I never was a blueberry fan, in fact, I was repelled by them coz those I’ve tasted were always sour. But the ones I handpicked at the blueberry farm in Yokohama were large, juicy and very sweet! Totally changed my perception about blueberries and I ate as much as I picked hohoho. Later, in the little cosy cafe in the farm we had blueberry muffins, blueberry smoothie (LOVE), and blueberry ice-cream freshly made before our eyes. Read my post to learn more it!
Bamboo Groove Noodles
Childhood memories of watching Japan travel documentaries on TV flashed across my mind when I saw the half-pipes of bamboo carrying clear, ice-cold water. As the adorable old ladies prepared to send bundles of somen and organically grown tomatoes down the bamboo pipes, we waited in anticipation, chopsticks in hand, ready to catch them as they flowed by.
Nagashi Somen, or flowing noodles, are eaten in the summer. It’s a fun way to have noodles and a perfect distraction from the sweltering heat. It also brings people together! These ladies use this bamboo groove as the base for their activities, and also use the bamboo to make bamboo charcoal, bamboo vinegar, and bamboo charcoal soap.
Gelato Made From Fresh Cow Milk
What better way to beat the heat than a cup of home-made gelato made with milk from cows reared at the café’s own farm? At Augusta Milk Farm are 50 dairy cows that provide fresh milk every day to make creamy soft serve ice cream and gelato.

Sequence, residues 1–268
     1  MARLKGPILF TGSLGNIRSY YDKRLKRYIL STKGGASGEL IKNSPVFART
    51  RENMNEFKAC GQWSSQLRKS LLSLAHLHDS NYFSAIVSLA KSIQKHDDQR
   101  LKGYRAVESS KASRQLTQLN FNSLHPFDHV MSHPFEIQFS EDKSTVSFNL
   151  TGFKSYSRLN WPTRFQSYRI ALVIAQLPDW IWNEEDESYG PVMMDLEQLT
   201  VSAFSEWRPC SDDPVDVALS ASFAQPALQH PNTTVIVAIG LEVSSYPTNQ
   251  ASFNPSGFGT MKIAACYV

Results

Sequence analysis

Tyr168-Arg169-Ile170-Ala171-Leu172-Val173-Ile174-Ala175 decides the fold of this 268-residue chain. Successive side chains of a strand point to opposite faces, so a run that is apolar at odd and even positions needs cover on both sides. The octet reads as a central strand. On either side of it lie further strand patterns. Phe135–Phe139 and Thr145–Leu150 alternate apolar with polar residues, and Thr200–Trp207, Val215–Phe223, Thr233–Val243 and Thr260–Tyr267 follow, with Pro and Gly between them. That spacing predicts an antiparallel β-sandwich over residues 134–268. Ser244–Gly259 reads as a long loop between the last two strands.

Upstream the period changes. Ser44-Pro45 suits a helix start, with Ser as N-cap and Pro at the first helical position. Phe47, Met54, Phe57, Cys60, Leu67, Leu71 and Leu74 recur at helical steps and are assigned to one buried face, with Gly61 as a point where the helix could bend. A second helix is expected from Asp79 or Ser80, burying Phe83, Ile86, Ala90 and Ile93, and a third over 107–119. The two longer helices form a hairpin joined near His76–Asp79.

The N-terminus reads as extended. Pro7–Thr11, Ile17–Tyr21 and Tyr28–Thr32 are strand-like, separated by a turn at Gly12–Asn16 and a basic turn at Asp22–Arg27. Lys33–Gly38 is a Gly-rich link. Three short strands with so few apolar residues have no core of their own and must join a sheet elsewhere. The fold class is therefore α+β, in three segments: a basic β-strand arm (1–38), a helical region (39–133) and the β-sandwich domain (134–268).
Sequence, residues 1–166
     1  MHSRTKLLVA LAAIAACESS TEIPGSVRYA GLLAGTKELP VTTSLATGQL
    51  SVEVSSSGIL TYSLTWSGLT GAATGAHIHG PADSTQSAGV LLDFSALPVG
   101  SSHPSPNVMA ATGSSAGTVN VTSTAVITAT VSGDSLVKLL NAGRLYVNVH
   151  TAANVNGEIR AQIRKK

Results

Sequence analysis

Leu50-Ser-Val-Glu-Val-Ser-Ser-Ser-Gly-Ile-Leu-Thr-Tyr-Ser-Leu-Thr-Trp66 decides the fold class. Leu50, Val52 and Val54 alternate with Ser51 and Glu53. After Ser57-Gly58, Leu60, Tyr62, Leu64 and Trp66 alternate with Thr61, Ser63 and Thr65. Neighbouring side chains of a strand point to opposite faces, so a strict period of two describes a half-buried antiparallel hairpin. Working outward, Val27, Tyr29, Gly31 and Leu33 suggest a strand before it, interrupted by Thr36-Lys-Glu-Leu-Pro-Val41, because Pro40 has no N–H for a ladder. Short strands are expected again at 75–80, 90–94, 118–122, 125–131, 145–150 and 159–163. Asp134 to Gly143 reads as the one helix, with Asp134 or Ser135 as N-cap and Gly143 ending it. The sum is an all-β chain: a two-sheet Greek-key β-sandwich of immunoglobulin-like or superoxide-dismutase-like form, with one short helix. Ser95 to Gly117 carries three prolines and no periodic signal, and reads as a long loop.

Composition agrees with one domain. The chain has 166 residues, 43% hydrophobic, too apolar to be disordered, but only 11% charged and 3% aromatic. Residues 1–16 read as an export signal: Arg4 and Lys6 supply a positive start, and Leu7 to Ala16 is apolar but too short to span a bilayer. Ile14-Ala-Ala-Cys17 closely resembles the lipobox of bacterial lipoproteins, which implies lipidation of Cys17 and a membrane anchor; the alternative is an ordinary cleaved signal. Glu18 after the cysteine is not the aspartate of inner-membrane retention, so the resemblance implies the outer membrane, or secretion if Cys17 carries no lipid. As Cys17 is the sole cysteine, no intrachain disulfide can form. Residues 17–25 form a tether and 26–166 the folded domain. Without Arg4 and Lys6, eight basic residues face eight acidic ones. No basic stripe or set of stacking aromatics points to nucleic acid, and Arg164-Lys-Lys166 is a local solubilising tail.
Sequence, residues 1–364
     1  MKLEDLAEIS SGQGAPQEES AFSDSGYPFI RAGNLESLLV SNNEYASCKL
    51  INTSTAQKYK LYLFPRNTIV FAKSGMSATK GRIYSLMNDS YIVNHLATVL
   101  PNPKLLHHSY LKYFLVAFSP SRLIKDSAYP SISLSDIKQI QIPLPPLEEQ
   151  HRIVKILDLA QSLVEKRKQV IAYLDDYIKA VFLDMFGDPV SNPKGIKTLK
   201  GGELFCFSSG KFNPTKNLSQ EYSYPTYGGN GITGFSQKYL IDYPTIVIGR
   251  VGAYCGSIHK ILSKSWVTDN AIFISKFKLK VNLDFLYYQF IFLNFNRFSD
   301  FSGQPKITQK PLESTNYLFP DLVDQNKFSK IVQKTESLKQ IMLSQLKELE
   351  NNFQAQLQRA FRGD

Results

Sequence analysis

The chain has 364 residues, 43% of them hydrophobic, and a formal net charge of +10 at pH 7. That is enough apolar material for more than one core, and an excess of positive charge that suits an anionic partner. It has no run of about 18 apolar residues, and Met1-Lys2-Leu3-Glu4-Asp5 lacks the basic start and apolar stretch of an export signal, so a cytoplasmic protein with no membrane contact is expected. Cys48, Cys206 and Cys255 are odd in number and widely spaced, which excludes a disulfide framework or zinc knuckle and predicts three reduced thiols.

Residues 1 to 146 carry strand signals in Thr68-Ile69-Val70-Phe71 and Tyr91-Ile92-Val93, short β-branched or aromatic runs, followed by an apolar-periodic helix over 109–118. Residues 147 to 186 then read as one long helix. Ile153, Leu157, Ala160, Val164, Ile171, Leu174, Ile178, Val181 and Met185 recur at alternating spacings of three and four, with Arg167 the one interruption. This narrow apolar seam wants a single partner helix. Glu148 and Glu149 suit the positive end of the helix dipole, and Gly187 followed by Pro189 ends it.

I LOVE Japan milk! There are only two things that Japan does not import – rice and milk. No country in the world is able to meet Japan’s quality standards, so if you drink milk in Japan, it’s all from home reared cows on their own farms.
Going Commando At Japanese Onsen
Definitely one of the most embarrassing – taking off my clothes and going around naked in the women’s hot springs – yet liberating moments of my entire life. I swore I would never do it, but I did, and I think I will do it again if I ever visit an onsen in Japan again haha. The extensive dinner and breakfast buffets satisfied my growling tummy after a relaxing dip at Ryugujo Spa Hotel Mikazuki. One of the largest and most elaborately decorated onsens in Japan, you’ll be tempted to hop from one pool to another and stay longer than you should lol.
Yukatabune – Traditional Houseboat
That’s my view from my room at Intercontinental Yokahama Grand. One of the best views from a hotel room I’ve ever had.
Little did I know that the pier right below would be where we would depart from to have dinner on a traditional houseboat! A yakatabune is a Japanese-style wooden tour boat on which one can host a party while sailing down a river. We were served traditional Japanese cuisine, with fresh seafood caught in the morning and a great variety of freshly fried tempura dishes.